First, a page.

The pharmacokinetics of paricalcitol has not been investigated in geriatric and pediatric patients.
Patients with Hepatic Impairment
The disposition of intravenous paricalcitol (0.24 mcg/kg) was compared in patients with mild (n=5) and moderate (n=5) hepatic impairment (as indicated by the Child-Pugh method) and subjects with normal hepatic function (n=10). The pharmacokinetics of unbound paricalcitol were similar across the range of hepatic function evaluated in this study. The influence of severe hepatic impairment on the pharmacokinetics of paricalcitol has not been evaluated.
Patients with Renal Impairment
The pharmacokinetics of paricalcitol have been studied in CKD patients requiring hemodialysis (HD) and peritoneal dialysis (PD). Hemodialysis procedure has essentially no effect on paricalcitol elimination. However, compared to healthy subjects, CKD patients on dialysis showed a decreased CL and increased half-life.
Drug Interaction Studies
An in vitro study indicates that paricalcitol is not an inhibitor of CYP1A2, CYP2A6, CYP2B6, CYP2C8, CYP2C9, CYP2C19, CYP2D6, CYP2E1, or CYP3A at concentrations up to 50 nM (21 ng/mL) (approximately 20-fold greater than that obtained after highest tested dose). In fresh primary cultured hepatocytes, the induction observed at paricalcitol concentrations up to 50 nM was less than two-fold for CYP2B6, CYP2C9 or CYP3A, where the positive controls rendered a six- to nineteen-fold induction. Hence, paricalcitol is not expected to inhibit or induce the clearance of drugs metabolized by these enzymes.
Drug interactions with Paricalcitol Injection have not been studied. The following studies have been performed with oral paricalcitol capsules.
The pharmacokinetic interaction between paricalcitol capsule (16 mcg) and omeprazole (40 mg; oral), a strong inhibitor of CYP2C19, was investigated in a single dose, crossover study in healthy subjects. The pharmacokinetics of paricalcitol were unaffected when omeprazole was administrated approximately 2 hours prior to the paricalcitol dose.
Strong CYP3A Inhibitors
The effect of multiple doses of ketoconazole, a strong inhibitor of CYP3A, administered as 200 mg BID for 5 days on the pharmacokinetics of paricalcitol capsule has been studied in healthy subjects. The Cmax of paricalcitol was minimally affected, but AUC0–∞ approximately doubled in the presence of ketoconazole. The mean half-life of paricalcitol was 17.0 hours in the presence of ketoconazole as compared to 9.8 hours, when paricalcitol was administered alone [see Drug Interactions (7)].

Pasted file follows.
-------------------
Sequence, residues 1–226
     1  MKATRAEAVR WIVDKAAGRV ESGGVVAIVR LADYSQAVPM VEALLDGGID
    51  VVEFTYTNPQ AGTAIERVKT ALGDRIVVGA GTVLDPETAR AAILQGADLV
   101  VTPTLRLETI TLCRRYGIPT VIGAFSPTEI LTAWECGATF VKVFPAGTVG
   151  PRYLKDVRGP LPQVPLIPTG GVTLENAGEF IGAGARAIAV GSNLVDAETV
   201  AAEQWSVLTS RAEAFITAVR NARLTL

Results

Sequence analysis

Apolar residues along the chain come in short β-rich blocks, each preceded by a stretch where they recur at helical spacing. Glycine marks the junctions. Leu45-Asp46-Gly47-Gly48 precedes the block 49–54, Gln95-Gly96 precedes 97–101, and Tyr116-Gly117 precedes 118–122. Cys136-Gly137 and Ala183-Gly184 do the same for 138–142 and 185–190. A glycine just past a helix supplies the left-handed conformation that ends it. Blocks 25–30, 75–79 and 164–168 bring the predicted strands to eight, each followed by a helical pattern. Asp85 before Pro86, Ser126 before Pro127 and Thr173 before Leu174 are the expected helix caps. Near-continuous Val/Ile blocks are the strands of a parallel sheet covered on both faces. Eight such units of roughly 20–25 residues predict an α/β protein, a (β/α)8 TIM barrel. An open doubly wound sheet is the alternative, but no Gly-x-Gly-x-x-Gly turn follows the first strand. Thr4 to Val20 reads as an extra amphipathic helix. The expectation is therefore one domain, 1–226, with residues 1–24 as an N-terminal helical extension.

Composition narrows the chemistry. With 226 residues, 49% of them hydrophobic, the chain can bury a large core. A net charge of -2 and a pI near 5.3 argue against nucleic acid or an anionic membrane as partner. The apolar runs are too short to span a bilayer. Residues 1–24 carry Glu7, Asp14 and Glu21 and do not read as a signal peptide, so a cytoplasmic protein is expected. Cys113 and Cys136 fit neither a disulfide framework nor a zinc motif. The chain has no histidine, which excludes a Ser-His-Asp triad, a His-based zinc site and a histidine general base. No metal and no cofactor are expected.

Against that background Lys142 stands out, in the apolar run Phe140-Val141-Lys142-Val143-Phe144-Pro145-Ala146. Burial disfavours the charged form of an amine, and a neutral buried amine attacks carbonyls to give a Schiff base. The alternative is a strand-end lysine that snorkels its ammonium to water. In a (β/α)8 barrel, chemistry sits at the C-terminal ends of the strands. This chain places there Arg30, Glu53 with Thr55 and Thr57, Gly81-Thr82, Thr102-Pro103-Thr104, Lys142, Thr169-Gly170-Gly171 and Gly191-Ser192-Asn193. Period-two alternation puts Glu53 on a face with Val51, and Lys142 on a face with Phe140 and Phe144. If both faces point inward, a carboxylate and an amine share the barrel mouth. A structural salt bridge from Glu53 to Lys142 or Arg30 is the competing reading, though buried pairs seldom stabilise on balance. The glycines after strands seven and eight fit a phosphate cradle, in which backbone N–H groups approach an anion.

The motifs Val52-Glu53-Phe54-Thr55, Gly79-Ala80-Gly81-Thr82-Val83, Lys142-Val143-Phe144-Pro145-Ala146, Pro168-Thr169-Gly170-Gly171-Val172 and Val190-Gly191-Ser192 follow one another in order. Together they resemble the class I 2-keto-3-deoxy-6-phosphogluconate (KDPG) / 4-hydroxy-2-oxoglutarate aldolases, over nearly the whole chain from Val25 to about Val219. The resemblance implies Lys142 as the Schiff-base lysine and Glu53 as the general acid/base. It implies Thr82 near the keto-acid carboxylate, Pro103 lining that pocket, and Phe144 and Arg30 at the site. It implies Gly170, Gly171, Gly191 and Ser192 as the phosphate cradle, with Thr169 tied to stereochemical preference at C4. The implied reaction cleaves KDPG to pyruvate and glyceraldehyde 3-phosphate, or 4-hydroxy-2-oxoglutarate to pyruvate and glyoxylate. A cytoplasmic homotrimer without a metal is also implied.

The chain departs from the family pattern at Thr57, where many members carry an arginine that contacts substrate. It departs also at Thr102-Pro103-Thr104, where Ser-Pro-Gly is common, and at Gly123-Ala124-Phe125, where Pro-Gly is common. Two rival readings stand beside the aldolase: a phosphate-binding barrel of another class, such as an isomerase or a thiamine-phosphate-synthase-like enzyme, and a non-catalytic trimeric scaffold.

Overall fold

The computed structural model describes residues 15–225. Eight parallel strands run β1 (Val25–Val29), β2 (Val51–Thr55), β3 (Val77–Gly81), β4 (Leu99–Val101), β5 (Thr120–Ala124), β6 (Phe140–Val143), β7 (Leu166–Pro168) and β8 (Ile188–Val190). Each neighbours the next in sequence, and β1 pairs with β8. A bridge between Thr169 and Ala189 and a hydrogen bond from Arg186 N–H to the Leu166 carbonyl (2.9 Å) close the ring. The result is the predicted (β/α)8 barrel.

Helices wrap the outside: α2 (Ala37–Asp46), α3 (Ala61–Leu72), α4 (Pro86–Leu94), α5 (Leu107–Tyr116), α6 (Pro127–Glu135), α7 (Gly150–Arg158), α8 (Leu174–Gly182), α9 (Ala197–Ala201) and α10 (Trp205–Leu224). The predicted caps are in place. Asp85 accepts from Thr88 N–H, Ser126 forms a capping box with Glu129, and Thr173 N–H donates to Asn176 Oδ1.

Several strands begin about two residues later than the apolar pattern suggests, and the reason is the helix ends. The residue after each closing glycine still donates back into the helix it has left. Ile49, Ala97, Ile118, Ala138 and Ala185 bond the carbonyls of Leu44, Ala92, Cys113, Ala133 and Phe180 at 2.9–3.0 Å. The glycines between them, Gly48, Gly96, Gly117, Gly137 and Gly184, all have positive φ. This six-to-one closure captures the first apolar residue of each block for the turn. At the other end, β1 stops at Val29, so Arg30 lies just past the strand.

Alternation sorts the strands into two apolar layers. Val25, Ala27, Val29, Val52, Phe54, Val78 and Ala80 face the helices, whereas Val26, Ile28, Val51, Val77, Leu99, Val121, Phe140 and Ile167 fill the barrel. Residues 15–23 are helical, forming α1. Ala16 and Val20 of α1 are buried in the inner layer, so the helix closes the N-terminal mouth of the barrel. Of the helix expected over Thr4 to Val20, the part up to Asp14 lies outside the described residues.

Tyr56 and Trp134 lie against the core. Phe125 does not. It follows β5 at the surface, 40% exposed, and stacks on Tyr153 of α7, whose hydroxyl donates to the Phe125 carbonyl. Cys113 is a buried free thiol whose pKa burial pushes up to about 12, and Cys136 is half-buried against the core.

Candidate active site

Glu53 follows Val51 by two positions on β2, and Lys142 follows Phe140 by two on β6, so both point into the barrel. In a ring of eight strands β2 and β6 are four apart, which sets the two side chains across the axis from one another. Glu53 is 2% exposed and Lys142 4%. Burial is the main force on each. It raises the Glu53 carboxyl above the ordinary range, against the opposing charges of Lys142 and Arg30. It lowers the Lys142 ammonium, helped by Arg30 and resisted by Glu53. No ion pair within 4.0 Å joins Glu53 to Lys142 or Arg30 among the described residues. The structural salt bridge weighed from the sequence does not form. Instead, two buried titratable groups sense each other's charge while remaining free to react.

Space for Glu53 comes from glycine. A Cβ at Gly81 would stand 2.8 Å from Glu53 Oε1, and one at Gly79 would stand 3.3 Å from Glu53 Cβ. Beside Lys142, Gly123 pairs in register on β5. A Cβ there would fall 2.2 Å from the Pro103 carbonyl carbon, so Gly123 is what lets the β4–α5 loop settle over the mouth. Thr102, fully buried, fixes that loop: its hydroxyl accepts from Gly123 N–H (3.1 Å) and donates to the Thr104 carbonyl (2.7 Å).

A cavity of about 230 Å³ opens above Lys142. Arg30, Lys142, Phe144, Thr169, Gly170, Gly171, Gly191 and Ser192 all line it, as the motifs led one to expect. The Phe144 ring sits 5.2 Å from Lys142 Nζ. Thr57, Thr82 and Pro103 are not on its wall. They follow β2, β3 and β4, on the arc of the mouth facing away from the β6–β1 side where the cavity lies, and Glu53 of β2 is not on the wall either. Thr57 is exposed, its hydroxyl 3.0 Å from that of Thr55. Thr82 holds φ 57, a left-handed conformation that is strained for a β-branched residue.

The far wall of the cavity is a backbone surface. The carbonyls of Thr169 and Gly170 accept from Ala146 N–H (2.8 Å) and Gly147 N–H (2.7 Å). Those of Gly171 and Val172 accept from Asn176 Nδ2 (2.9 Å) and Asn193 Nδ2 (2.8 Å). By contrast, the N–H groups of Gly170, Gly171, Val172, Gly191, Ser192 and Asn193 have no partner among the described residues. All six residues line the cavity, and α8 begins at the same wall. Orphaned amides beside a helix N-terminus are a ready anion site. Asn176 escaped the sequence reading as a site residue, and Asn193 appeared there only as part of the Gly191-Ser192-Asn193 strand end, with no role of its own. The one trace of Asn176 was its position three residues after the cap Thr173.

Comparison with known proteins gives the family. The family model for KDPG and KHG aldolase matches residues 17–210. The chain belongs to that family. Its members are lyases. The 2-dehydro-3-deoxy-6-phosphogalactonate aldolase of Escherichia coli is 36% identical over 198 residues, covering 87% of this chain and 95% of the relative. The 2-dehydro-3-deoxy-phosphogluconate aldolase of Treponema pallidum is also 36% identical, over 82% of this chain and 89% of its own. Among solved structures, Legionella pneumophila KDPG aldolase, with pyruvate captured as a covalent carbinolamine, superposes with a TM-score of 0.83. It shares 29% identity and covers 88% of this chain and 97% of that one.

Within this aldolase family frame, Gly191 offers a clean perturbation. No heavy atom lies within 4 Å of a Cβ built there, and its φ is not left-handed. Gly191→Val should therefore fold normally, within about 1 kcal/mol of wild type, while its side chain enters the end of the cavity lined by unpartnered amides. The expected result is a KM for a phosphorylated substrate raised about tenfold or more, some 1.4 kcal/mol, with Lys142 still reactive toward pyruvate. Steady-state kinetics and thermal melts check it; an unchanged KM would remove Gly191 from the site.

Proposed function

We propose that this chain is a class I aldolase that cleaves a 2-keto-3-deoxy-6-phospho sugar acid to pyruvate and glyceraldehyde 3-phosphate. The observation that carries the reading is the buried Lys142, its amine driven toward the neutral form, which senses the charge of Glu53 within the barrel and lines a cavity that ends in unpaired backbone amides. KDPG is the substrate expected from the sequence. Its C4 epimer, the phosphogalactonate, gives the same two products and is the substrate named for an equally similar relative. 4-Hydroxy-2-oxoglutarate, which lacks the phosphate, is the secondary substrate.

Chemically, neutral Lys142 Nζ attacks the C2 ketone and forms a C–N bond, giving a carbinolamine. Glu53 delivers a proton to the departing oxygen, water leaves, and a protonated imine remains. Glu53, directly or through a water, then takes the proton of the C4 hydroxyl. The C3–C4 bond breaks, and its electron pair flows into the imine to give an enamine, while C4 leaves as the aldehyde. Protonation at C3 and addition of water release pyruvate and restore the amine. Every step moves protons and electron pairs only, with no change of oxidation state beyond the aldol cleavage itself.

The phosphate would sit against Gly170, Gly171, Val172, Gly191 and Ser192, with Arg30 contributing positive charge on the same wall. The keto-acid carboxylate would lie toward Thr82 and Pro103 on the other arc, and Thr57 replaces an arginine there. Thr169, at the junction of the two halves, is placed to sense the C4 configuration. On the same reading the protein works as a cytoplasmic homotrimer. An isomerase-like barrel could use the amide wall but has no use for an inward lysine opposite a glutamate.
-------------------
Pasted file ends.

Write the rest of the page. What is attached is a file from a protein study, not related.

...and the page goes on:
In a 104-week carcinogenicity study in CD-1 mice conducted with another paricalcitol product, an increased incidence of uterine leiomyoma and leiomyosarcoma was observed at subcutaneous doses of 1, 3, 10 mcg/kg administered 3 times per week (2 to 15 times the AUC at a human dose of 14 mcg, equivalent to 0.24 mcg/kg based on AUC). The incidence rate of uterine leiomyoma was significantly different than the control group at the highest dose of 10 mcg/kg.
In a 104-week carcinogenicity study in rats conducted with another paricalcitol product, there was an increased incidence of benign adrenal pheochromocytoma at subcutaneous doses of 0.15, 0.5, 1.5 mcg/kg administered 3 times per week (at less than clinical exposure to 7 times the exposure following a human dose of 14 mcg, equivalent to 0.24 mcg/kg based on AUC). The increased incidence of pheochromocytomas in rats may be related to the alteration of calcium homeostasis by paricalcitol.
Paricalcitol did not exhibit genetic toxicity in vitro with or without metabolic activation in the microbial mutagenesis assay (Ames Assay), mouse lymphoma mutagenesis assay (L5178Y), or a human lymphocyte cell chromosomal aberration assay. There was also no evidence of genetic toxicity in an in vivo mouse micronucleus assay.
Paricalcitol had no effect on fertility (male or female) in rats at intravenous doses up to 20 mcg/kg/dose (13 times a human dose of 14 mcg, equivalent to 0.24 mcg/kg based on body surface area, mg/m2).
The safety and efficacy of Paricalcitol Injection have been established based on adult studies of another paricalcitol injection product in patients with CKD on hemodialysis. Below is a display of the results of these studies of paricalcitol injection.